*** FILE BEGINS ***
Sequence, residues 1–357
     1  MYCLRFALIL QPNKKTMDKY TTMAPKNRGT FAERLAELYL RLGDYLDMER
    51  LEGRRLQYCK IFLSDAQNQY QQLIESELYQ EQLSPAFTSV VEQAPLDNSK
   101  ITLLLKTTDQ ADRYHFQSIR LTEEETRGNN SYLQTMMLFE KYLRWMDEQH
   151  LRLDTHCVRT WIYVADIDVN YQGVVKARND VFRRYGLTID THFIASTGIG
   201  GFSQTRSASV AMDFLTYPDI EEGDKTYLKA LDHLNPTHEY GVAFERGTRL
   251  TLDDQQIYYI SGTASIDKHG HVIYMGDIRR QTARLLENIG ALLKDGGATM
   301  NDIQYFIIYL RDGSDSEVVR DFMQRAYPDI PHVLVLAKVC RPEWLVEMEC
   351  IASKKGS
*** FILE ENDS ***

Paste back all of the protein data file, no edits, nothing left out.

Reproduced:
Sequence, residues 1–357
     1  MYCLRFALIL QPNKKTMDKY TTMAPKNRGT FAERLAELYL RLGDYLDMER
    51  LEGRRLQYCK IFLSDAQNQY QQLIESELYQ EQLSPAFTSV VEQAPLDNSK
   101  ITLLLKTTDQ ADRYHFQSIR LTEEETRGNN SYLQTMMLFE KYLRWMDEQH
   151  LRLDTHCVRT WIYVADIDVN YQGVVKARND VFRRYGLTID THFIASTGIG
   201  GFSQTRSASV AMDFLTYPDI EEGDKTYLKA LDHLNPTHEY GVAFERGTRL
   251  TLDDQQIYYI SGTASIDKHG HVIYMGDIRR QTARLLENIG ALLKDGGATM
   301  NDIQYFIIYL RDGSDSEVVR DFMQRAYPDI PHVLVLAKVC RPEWLVEMEC
   351  IASKKGS